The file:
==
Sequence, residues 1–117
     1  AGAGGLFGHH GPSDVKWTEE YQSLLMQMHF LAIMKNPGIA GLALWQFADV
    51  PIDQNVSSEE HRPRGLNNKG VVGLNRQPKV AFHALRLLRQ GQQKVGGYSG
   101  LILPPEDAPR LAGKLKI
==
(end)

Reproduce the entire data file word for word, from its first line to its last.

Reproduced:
Sequence, residues 1–117
     1  AGAGGLFGHH GPSDVKWTEE YQSLLMQMHF LAIMKNPGIA GLALWQFADV
    51  PIDQNVSSEE HRPRGLNNKG VVGLNRQPKV AFHALRLLRQ GQQKVGGYSG
   101  LILPPEDAPR LAGKLKI